Call Search
     

New to Ham Radio?
My Profile

Community
Articles
Forums
News
Reviews
Friends Remembered
Strays
Survey Question

Operating
Contesting
DX Cluster Spots
Propagation

Resources
Calendar
Classifieds
Ham Exams
Ham Links
List Archives
News Articles
Product Reviews
QSL Managers

Site Info
eHam Help (FAQ)
Support the site
The eHam Team
Advertising Info
Vision Statement
About eHam.net

   Home   Help Search  
Pages: [1]   Go Down
  Print  
Author Topic: Adjustments to straight key?  (Read 613 times)
W2DAB
Member

Posts: 69


WWW

Ignore
« on: July 24, 2009, 06:47:46 PM »

OK guys (and gals):

I got a straight key and built myself a little code oscillator and I am going about practicing my technique and learning the fine art of CW.

Here's my question, is there any info out there on how to adjust the various screws on the standard straight key to optimize an operators specific preferences?

I know that is a fairly broad question, I am looking for thoughts on what I should consider in using this thing.

Thanks for feedback, as always 73!

David
Logged
VA7CPC
Member

Posts: 2377




Ignore
« Reply #1 on: July 24, 2009, 11:13:25 PM »

From the pen of a master:

http://www.morsex.com/misc/keyadj.htm

Note that two critical adjustments -- contact gap and spring force -- are completely subjective.  You set them so the key feels good _to you_.  Marshall Em's "rules" are good starting points.

You need to have a solid base for the key.  The key needs to be either (a) screwed to the table, or (b) the base needs to be really heavy, or (c) the base needs to extend farther toward you than the knob.

Otherwise, the key will rock when you press the knob -- not good.
 
            Charles
Logged
AA4N
Member

Posts: 109




Ignore
« Reply #2 on: July 25, 2009, 07:40:56 AM »

I agree with VA7CPC.  Just set it up so that you are comfortable and you minimize errors.

Having said that, I hear that there are two basic schools for straight key operating, and each requires a different set up.

The american style (as taught by the US military?) involved a low key with a flat top (ie J-38).  The idea was that you rest your forearm on the table and send from the wrist.  This style generally favors a smaller gap on the key and a lighter spring setting.

The european style involved a higher key with a knob type handle.  It was commonly mounted on the edge of the table so that your arm didn't touch anything, and sending was done with a little more bounce.  This style generally favors a bigger gap and heavier spring setting.

The type of key that you have might suggest one style over the other.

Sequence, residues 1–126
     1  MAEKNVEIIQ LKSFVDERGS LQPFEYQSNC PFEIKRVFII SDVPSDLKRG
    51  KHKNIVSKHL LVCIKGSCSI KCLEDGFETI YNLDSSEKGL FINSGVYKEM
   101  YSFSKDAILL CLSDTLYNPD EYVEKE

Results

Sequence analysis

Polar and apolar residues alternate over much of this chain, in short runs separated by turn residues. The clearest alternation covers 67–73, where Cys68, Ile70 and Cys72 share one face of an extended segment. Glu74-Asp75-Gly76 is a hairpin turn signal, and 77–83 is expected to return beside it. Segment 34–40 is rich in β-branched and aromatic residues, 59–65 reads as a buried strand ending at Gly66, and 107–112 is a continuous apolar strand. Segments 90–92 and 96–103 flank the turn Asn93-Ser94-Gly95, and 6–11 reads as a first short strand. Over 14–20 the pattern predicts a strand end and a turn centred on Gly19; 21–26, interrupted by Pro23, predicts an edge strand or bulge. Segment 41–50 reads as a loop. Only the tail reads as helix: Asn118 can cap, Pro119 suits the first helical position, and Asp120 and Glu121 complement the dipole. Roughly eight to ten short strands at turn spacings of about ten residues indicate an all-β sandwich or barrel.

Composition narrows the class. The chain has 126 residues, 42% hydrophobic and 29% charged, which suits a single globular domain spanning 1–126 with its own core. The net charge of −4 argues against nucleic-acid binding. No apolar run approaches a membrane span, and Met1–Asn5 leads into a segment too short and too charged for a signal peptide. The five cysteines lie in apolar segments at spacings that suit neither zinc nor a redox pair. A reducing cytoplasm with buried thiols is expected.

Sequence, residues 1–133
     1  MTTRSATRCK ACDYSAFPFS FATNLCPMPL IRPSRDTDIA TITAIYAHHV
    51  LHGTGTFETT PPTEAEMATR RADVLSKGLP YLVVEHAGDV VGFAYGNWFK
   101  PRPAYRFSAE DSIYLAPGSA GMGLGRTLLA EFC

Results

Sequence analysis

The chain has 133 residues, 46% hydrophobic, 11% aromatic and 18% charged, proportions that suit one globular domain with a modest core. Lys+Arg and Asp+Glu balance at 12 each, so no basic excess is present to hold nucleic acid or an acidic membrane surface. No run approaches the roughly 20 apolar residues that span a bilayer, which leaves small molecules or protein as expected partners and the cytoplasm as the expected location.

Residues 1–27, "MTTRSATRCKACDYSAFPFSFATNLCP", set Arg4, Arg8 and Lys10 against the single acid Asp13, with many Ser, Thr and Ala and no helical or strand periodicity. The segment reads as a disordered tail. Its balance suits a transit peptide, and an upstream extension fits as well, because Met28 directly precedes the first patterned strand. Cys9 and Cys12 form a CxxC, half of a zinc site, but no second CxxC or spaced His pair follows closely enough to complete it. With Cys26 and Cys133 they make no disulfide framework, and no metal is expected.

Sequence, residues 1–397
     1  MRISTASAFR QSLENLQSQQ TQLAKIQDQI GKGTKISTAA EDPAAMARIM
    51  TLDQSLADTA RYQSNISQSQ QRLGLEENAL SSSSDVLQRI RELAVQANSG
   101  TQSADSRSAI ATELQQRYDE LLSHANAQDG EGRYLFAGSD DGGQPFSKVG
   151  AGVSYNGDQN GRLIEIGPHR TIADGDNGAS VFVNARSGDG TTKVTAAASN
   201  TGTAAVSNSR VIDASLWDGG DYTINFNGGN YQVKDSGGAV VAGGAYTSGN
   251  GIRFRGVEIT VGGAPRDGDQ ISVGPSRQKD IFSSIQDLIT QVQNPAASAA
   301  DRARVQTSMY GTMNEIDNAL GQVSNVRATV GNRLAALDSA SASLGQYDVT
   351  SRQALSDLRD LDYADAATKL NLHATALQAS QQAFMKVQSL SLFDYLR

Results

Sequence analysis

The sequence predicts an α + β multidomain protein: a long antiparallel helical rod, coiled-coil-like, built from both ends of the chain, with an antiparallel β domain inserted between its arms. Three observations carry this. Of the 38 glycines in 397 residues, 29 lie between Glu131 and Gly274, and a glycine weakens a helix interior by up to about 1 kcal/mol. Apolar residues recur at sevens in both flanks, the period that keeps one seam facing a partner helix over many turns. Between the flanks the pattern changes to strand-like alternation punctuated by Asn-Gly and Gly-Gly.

Just food for thought...

mike AA4N
Logged
W7ETA
Member

Posts: 2528




Ignore
« Reply #3 on: July 25, 2009, 12:57:03 PM »

Plus ten on having the key stay put.

I spent a lot of time trying to find the perfect settings for a straight key-it never felt perfect; but I was able to blame it not being perfect fpr a;; pf the operator errors.

73
Bob
Logged
WB2WIK
Member

Posts: 20574




Ignore
« Reply #4 on: July 25, 2009, 07:27:00 PM »

I haven't used a straight key in many years, being a keyer/paddle addict.

However, I do remember the following:

Key knob height is important.  It can be too low, and it can be too high.  It's most comfortable if you push the key back 18-24" from the front edge of the bench or desk so your elbow is firmly seated on the operating surface, and when you send, your forearm rocks up and down from the elbow.  The fingers shouldn't even move.

Trying to send with a key that's too close to you is very difficult.

The knob height should be comfortable for you.  I found in most cases, the right height was about 2" above the operating surface.  If your key is lower than that and it's uncomfortable, try raising it.

Many hand keys have adjustments for spacing, tension, and alignment (side-to-side).  If you overtension the alignment nuts, the key can be difficult to use.  I preferred not much tension at all, and very close contact spacing, maybe .050" or so.  But, preferences vary and you should set it up for what feels good for you!

I used to be pretty good with a hand key back in the 60s but when I discovered keyers and paddles, that ended that!

WB2WIK/6
Logged
N2EY
Member

Posts: 3877




Ignore
« Reply #5 on: July 26, 2009, 04:01:43 AM »

If you have access to old QSTs, or the ARRL archive (free to all members), look up this article:

"How To Adjust A Key - And Send Good Code"

by W1ICP. November, 1957, starting on page 28.

Tells all you need to know, in pictures and descriptions.

73 de Jim, N2EY
Logged
Pages: [1]   Go Up
  Print  
 
Jump to:  

Powered by MySQL Powered by PHP Powered by SMF 1.1.11 | SMF © 2006-2009, Simple Machines LLC Valid XHTML 1.0! Valid CSS!